The ugly truth about wearable technology
When it comes to putting computers on our bodies, everyone’s an armchair Anna Wintour. Take a look at the comments on any story about wearable technology, just about anywhere. Ugly is in the eye of the beholder. And with good reason. While some of us view our PCs, smartphones and tablets as status symbols, our clothing and accessories are more closely tied to our identities than anything else.
Over the past few years, the frenzy for wearables has reached its peak. This week alone, Sony, Samsung, LG and Motorola have all shown off their next attempts at wrist-worn technology. And with each announcement comes a new set of sartorial critiques.
And yet, despite a seeming consensus from the tech press about the aesthetic appeal of devices like the Moto 360 and Pebble’s Steel, the world is still waiting for the one wearable that will have us all strapping a computer to our wrists, faces, waists or whatever. But the real obstacle to wearable adoption isn’t a matter of style; it’s a matter of taste.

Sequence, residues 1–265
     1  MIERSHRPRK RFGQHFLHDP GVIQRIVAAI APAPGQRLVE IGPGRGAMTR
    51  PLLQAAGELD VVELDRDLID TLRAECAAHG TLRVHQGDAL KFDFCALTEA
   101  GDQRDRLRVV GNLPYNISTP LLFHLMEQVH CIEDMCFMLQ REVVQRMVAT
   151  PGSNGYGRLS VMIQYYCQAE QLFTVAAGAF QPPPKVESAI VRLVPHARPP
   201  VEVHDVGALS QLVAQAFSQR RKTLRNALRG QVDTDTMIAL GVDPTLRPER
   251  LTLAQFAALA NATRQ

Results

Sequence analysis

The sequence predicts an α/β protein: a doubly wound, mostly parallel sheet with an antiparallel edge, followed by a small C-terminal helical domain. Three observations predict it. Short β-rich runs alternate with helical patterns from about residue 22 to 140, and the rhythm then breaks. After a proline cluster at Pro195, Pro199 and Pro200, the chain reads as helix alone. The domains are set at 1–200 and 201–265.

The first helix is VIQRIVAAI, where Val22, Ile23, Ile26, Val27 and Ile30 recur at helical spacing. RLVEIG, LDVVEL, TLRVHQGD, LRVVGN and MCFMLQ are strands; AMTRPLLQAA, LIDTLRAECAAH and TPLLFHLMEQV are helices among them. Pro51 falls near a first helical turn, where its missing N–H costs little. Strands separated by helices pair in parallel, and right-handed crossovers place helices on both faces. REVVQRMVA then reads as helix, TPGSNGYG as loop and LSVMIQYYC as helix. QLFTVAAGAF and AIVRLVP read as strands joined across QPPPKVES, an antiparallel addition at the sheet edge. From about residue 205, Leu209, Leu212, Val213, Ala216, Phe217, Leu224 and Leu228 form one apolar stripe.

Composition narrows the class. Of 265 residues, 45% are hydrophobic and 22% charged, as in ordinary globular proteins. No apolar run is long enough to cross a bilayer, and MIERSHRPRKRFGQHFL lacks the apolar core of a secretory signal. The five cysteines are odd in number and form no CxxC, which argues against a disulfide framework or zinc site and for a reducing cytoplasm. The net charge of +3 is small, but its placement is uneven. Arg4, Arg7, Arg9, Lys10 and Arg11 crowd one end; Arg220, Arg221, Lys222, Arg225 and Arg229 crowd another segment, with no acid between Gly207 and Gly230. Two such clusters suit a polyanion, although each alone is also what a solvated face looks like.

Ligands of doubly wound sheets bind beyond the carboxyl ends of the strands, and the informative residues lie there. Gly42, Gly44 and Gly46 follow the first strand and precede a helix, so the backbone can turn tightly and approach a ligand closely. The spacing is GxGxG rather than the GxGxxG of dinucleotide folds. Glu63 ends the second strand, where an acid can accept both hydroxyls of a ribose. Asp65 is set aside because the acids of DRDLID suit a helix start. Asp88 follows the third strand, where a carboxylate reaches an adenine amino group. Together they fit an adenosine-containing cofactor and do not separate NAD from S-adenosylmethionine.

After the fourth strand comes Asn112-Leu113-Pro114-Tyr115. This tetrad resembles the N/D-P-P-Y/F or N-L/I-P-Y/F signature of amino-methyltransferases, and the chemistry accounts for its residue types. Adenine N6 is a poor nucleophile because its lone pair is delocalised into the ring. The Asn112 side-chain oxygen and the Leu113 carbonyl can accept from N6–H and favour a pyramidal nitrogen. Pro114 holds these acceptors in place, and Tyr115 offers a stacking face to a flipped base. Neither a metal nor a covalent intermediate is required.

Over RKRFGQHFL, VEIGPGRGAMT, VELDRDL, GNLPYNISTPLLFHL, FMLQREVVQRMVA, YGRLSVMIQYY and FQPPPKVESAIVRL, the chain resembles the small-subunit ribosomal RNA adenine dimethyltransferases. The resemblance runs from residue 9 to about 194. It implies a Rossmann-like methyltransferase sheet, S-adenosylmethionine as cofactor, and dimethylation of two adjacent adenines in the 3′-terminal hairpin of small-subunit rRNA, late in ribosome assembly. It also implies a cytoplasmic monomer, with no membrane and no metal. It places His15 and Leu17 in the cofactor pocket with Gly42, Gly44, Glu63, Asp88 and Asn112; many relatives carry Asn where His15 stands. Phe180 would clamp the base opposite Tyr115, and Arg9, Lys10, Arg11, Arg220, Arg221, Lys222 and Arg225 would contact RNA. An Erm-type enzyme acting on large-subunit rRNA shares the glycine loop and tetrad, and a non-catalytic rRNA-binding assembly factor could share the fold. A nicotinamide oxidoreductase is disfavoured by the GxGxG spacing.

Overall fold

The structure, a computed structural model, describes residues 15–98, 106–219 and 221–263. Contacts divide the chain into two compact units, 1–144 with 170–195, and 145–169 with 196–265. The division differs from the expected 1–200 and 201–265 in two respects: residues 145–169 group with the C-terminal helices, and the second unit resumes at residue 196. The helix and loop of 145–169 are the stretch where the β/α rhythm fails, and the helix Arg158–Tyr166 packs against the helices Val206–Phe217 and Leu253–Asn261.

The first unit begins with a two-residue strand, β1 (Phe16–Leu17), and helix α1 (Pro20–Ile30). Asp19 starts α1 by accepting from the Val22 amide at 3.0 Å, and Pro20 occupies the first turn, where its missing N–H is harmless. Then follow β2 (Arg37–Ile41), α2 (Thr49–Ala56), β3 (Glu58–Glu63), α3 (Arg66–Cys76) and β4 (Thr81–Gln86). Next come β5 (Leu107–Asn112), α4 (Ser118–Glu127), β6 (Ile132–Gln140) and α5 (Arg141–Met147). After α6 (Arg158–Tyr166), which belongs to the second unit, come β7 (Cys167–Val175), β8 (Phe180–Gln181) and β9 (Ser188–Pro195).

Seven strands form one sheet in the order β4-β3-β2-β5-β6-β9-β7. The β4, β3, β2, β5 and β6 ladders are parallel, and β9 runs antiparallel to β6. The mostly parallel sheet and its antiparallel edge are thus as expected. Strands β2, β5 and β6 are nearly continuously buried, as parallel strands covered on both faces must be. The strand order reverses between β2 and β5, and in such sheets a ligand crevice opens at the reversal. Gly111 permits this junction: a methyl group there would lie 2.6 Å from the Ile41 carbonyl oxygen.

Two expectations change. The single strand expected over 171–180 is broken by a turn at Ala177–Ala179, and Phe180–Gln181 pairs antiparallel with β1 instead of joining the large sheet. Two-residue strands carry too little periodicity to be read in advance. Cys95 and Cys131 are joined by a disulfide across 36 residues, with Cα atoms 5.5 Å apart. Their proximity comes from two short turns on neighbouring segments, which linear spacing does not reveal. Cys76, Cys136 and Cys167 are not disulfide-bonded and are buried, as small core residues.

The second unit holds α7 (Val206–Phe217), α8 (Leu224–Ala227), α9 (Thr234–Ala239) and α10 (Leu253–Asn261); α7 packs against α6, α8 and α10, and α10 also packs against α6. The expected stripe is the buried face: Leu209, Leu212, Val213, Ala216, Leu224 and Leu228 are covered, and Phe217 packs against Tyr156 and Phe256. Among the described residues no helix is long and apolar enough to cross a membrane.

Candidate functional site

The real obstacle to wearable adoption isn’t a matter of style; it’s a matter of taste.
New York Times tech-scribe-cum-style savant, Nick Bilton recently penned a speculative editorial proclaiming the as-of-yet-unannounced iWatch as the device that could finally take wearables mainstream. Apple will no doubt roll out a beautiful piece of machinery — it has an excellent track record and a proven team of designers, engineers and businesspeople on board — but the truth is, no matter how good the software, no matter how innovative the functionality, no matter how versatile and beautiful the design, there will never be one wearable for everyone.
Almost every player in the wearable game thus far has proven an ability to produce successful consumer technologies. Some of us can even agree that they’re starting to get the style right, but the truth is we all fancy ourselves individuals when we get dressed in the morning. No single company, whether it’s Apple or Motorola or even Swatch is ever going to make a single device that we all want to wear.
Apple’s wearable device, whether it’s a watch or a fedora or even a condom, will no doubt be a meticulously designed piece of hardware, but it’s going to take a much more robust and diverse market, full of choice for wearables to really take off. It’s going to take more than NFC, fitness tracking and Jony Ive’s magic touch. It’s going to take more than killer features and refined hardware.
It’s going to take time.
[Images: Evgeny Dubinchuk and Fuse, Getty]